Ski touring is climbing up on specially equipped skis along with climbing skins, then once at the top take the skins off and go into descent mode to ski back down!
Cycling Mountains & What to Watch Out For!
One thing's for sure when visiting this part of the world, you will be climbing well above 2,000m.
If visiting in the Summer months and especially so if hiking or out cycling Off road VTT MTB then good to be aware of the Patou.
The Patou is similar to the Pyrenean Mountain Dog. It guards the flocks of sheep (supposedly from wolves) that are brought up in the summer to the high mountain pastures. There have been numerous cases of these dogs attacking walkers.
What they will do is from a long distance come over to you to check you out. I have had them travel well over a kilometer leaving their flock to suss me out, though I did have my two Jack Russells with me.
I have three encounters with them now two off the bike and one on the bike, and can be pretty disconcerting so be aware.
If like me you're rather susceptible to mosquitoes and being bitten by midges etc then when it's hot one of the fiercest beasties that can really ruin your day is the Horse Fly.
They are easily recognisable by their large red or green eyes.
And when climbing through the high altitude pastures then they can be quite prevalent especially when it's really hot. They just don't bite but tear your skin, and they seem to love your buttocks and lycra does not stop them and the thing is it's normally too late by the time you've been had, all you can do is keep a watch out for each other.
The bite can be painful and the effects will differ from one person to another, but immediate swelling can be an issue. I always cycle with anti histamine pills and do cover myself in fly repellent prior to going out.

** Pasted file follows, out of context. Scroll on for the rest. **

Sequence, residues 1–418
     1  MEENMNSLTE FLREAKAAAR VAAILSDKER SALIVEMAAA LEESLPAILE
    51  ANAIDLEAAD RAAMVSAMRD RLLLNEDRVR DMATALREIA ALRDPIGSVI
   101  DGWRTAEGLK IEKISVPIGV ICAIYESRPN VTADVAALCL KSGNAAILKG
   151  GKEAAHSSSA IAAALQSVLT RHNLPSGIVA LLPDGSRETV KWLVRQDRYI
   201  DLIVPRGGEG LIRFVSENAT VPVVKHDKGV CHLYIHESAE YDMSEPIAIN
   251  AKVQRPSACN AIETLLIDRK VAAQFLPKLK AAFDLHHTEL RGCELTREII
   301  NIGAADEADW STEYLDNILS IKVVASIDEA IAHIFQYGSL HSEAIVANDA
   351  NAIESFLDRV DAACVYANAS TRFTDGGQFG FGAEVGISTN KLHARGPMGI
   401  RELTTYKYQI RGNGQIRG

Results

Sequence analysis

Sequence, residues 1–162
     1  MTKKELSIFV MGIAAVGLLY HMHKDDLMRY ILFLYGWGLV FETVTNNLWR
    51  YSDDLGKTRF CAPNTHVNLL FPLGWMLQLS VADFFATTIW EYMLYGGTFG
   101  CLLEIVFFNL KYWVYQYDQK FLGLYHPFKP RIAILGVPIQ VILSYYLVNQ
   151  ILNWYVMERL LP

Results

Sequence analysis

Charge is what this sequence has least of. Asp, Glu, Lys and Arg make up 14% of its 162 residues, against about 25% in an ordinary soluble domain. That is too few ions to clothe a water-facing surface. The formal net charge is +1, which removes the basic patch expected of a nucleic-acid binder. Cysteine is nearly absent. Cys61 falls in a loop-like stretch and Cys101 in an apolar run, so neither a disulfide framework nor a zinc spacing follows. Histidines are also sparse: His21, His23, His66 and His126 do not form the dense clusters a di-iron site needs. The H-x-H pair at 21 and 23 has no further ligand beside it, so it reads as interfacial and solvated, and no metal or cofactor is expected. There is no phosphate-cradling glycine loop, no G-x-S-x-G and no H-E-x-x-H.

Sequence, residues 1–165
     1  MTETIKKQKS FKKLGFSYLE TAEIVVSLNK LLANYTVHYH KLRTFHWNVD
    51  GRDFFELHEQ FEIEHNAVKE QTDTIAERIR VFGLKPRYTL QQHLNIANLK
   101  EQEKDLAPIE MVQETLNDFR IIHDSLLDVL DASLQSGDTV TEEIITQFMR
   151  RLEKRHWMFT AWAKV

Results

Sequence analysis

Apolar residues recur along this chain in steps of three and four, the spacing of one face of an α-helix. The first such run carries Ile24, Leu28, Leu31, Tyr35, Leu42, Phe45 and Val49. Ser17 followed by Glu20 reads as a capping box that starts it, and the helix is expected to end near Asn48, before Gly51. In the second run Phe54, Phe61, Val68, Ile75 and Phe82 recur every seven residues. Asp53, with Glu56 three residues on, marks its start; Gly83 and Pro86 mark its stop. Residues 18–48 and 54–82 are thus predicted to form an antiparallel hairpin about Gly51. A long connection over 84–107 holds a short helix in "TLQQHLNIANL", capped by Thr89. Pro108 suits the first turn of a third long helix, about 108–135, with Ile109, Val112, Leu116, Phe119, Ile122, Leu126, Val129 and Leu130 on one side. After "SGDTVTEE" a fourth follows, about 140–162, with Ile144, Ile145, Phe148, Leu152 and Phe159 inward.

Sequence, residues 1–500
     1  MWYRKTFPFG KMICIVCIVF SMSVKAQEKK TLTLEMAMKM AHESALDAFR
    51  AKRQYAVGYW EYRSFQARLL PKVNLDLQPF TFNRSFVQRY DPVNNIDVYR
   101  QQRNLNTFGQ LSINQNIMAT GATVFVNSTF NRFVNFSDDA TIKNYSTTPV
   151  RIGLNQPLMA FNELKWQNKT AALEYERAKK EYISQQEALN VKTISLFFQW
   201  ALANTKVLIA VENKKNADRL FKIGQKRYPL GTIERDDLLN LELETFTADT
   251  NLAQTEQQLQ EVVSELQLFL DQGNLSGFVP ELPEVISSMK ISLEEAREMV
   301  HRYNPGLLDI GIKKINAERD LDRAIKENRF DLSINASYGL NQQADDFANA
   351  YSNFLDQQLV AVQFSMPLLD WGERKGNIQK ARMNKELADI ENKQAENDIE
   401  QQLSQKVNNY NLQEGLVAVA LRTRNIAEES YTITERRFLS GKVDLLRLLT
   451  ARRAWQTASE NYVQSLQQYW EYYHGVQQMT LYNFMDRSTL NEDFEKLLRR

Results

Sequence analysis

And there are good things to be seen too!
The most obvious being Marmot and Chamois, though in our part of the world if cycling up to the Col du Lautaret / Galibier around around 6km out on Monetier you'll often see Bouquetin, these are like a cross between a cow and a chamois, and they can often be seen very close to the road just after Pont de l'Alpe / Le Lauzet.
I'm convinced the local tourist office puts them there for the tourists :)
When grinding your way up a long climb it's worth keeping your eyes and ears open and not just focus on your computer and the various km signs giving altitude and gradient!
When you hear a high pitch whistle often repeated that will probably be a marmot warning others, they will usually be above you standing on their haunches, best time to see them is quite early in the morning when roads have been quiet.
If you really want to guarantee to see them, and or have family with you then head on down towards Mont Dauphin near Guillestre (map here) and there you'll see them up close, but in the height of summer can be busy!
Then up in the sky if you're lucky you might well catch sight of an Eagle or two as well as buzzards.
Balcons de Serre Chevalier
This I think has to be one of my favourite trails as it traverses along the valley via the Col des Cibieres, Col de Buffere, Vallon de la Moulette and then a descente "magique" sur Monetier par le bois de St Joseph.